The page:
Have a quick fling with the world of dance

7th February 1997 at 00:00
There's plenty of dance on television these days, but nothing fires the imagination like close-up experience of the real thing. And this is doubly true of children, whose proneness to hero-worship can lead them to heroic feats of emulation. Usually, of course, these heroes are sports stars; but the passage from sport to dance can be just a short step. Adam Cooper and Darcy Bussell make just as exhilarating role-models as Pete Sampras and Steffi Graf.

As companies go, Adventures in Motion Pictures, with their long record of hits and their sold out mega-hit production of Swan Lake, are the likeliest to win new converts. The audiences who thronged London's Picadilly Theatre over the past five months - avid for yet another glimpse of their all-male flock of menacing swans - were notably youthful.

AMP are about to tour one of their previous hits, Highland Fling, which is artistic director Matthew Bourne's extraordinary reworking of La Sylphide: The Roses Theatre, Tewkesbury February 18, Northcott Theatre, Devon February 20-22, The Place Theatre, London February 25-March 1, Mac, Cannon Hill Park, Birmingham March 8, The Derngate, Northampton, March 11, The Corn Exchange, King's Lynn, March12, Farnham Maltings, Farnham March 14. If you miss this you miss the only chance of seeing them for a while, except on video, since thereafter they are taking Swan Lake on an extended world tour.

This company has an exemplary education programme, with workshops and lecture demonstrations; costumes, sets, and props can be viewed; information packs and ideas for follow-up work are provided.

At the classical end of the market, Chance to Dance is the title of a collaboration between the Royal Ballet and the Dance Theatre of Harlem. Since 1991 many thousands of children and young adults have participated in it, going to lecture-demonstrations, joining in dance sessions, and seeing performances at Covent Garden.

But this is also a scholarship scheme: specially talented children who pass an audition get free dance kit, weekly classes, and ultimately the chance of a career. The next Covent Garden schools matinee performance will be on April 12, when the programme will consist of two Balanchine classics and a new work by Glen Tetley.

Dance Bites, meanwhile, is the name of a project by which the Royal Ballet involves young dancers, musicians, and designers in a creative network. But the company's overriding aim is to preserve the 19th-century classics alongside the creation of new work: it offers backstage tours including wig-making and wardrobe departments. They intend to continue this policy while being exiled to other venues during Covent Garden's impending two-year closure.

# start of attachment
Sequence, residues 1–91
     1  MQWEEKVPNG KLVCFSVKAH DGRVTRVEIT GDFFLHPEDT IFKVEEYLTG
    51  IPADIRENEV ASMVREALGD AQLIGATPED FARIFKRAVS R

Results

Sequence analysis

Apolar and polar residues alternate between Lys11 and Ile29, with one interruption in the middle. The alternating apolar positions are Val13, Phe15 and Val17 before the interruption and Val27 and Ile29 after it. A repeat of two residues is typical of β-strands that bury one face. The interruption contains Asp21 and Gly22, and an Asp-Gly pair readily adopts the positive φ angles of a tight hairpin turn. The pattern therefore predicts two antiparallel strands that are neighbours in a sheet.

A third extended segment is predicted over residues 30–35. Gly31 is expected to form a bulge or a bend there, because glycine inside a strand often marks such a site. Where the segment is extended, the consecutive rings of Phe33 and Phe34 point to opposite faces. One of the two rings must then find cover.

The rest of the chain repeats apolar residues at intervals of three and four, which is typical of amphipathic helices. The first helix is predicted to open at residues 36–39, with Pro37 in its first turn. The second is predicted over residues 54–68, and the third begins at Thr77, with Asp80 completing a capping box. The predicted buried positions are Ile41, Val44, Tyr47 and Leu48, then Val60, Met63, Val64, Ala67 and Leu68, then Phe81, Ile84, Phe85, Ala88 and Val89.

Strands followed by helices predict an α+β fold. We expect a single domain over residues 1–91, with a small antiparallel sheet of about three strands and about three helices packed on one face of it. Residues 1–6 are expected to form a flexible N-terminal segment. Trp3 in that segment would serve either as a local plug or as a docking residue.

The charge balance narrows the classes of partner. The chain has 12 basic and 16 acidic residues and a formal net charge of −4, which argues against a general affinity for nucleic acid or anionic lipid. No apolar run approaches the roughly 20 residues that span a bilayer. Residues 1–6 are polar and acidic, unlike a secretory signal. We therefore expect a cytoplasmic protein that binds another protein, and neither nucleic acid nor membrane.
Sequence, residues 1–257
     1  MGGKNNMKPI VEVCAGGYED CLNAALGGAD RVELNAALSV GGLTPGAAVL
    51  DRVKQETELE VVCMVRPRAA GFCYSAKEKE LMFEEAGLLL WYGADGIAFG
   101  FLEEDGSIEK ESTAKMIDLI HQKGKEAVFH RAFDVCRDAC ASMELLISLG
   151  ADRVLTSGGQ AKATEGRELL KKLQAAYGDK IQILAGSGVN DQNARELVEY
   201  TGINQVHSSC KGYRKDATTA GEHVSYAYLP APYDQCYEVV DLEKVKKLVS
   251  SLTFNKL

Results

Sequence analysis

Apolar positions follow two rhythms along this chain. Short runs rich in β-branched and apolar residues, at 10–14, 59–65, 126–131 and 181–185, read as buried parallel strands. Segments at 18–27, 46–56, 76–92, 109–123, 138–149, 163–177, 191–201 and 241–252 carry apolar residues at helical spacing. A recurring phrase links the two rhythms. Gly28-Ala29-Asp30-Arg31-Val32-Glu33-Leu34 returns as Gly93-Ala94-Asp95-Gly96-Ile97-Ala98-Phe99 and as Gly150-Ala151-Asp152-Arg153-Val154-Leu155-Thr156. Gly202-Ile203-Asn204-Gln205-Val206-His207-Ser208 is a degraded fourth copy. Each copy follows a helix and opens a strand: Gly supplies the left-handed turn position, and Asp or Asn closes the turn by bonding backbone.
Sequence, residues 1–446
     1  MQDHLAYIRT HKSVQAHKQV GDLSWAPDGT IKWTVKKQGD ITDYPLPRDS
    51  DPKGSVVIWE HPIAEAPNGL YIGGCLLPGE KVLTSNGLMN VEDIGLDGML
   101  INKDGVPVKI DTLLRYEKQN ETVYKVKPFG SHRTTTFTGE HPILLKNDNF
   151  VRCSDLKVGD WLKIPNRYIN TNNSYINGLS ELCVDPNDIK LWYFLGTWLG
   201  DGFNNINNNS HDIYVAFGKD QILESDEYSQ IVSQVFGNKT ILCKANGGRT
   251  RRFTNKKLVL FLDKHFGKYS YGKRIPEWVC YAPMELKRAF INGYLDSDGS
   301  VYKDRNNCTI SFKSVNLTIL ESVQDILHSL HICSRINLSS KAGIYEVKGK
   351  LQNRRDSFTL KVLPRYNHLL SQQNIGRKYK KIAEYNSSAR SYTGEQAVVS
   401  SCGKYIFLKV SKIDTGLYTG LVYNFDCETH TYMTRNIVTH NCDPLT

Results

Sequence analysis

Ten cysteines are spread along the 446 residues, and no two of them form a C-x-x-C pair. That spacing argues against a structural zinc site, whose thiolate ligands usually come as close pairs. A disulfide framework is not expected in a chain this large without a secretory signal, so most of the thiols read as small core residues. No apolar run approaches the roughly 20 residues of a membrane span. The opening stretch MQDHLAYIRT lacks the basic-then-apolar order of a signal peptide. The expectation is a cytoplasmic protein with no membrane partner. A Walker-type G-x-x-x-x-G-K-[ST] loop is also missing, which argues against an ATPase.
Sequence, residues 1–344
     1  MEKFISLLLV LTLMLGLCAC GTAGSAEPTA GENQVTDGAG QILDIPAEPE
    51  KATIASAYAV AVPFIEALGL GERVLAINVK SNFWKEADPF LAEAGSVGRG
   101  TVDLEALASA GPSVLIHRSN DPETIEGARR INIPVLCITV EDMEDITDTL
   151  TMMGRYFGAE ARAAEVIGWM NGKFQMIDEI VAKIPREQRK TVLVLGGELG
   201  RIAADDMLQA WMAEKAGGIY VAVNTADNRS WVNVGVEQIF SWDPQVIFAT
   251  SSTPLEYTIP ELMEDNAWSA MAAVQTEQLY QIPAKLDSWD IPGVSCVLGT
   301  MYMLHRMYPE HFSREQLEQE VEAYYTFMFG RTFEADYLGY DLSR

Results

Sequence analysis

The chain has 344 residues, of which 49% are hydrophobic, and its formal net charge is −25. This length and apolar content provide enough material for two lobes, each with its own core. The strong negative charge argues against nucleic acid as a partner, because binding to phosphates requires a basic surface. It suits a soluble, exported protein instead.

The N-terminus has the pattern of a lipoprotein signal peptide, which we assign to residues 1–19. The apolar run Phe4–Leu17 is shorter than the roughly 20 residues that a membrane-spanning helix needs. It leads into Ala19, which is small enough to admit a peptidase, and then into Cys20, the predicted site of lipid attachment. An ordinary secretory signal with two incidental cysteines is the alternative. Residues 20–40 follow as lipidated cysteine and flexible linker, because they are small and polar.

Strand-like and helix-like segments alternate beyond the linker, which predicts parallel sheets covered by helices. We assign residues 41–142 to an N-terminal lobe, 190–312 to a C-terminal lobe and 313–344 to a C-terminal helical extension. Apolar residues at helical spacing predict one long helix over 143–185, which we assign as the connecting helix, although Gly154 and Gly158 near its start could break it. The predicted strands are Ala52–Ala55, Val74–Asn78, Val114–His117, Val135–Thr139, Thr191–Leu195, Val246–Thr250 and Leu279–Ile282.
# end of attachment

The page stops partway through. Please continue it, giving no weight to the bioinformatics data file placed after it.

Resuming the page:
Birmingham Royal Ballet's education department assisted by city council funding is having great success in its drive to strengthen dance's position in the curriculum. "Thank you for making us use our imaginations," wrote one grateful boy recently; "I didn't know ballet was such fun," wrote another. Design and composition workshops are complemented by stage lighting demonstrations and backstage tours of the Hippodrome Theatre. When classes are booked for schools matinees, in-sevice training sessions for teachers, with ideas for practical work, are provided free.

A-level groups have the chance of study days and evenings on their set work, Frederick Ashton's The Dream, which the company have in their repertory, and which they perform at six venues round the country. Dance Track is the name of the company's selective scheme for 8 to 10-year-olds: its aim is to identify and nurture - through free weekly classes - those with talent.

Many of these activities are duplicated by Glasgow-based Scottish Ballet, whose education unit, entitled Steps Out, offers workshops and classes in jazz, tap and ballet. Guided backstage tours and the chance to watch rehearsals - and fence with the company's fight director - are also on offer. Forthcoming productions: Romeo and Juliet, Theatre Royal Glasgow April 3-12, Edinburgh Festival Theatre April 15-19, His Majesty's Theatre Aberdeen April 22-26, Theatre Royal Newcastle May 6-10, New Theatre Hill May 13-17. La SylphideTroy Games, New Victoria Theatre Woking, February 25-March 1, Swan Theatre High Wycombe, April 29-May 3, Lyceum Theatre Sheffield, May 20-24. Reductions available - ring Box Office to book school parties.

The educational facilities offered by Northern Ballet, based in Leeds, are no less competitive. Their forthcoming revival (February 25 - 1 March) of Christopher Gable's acclaimed production of Romeo and Juliet will make an excellent taster. And on Thursday 27 February they are holding a Talk and Watch session, at which, after a preliminary talk, pupils will be able to see dancers doing their daily class. This is a unique opportunity to witness balletic life in the raw.

Meanwhile the Arts Council's Dance Pack provides useful information about dance companies all over the country, and in every mode including black and Asian dance.

Bookings through the education departments: Adventures in Motion Pictures: Simon Lacey, 0171 833 5803; The Royal Ballet: Amanda Jones or Darryl Jaffray, 0171 212 9410; Birmingham Royal Ballet: Jane Hackett, 0121 622 2555; Northern Ballet: Greta Dawson, 0113 274 5355; The Arts Council: 0171 333 0100

Scottish Ballet: Lorna Pickford, 0141 331 2931

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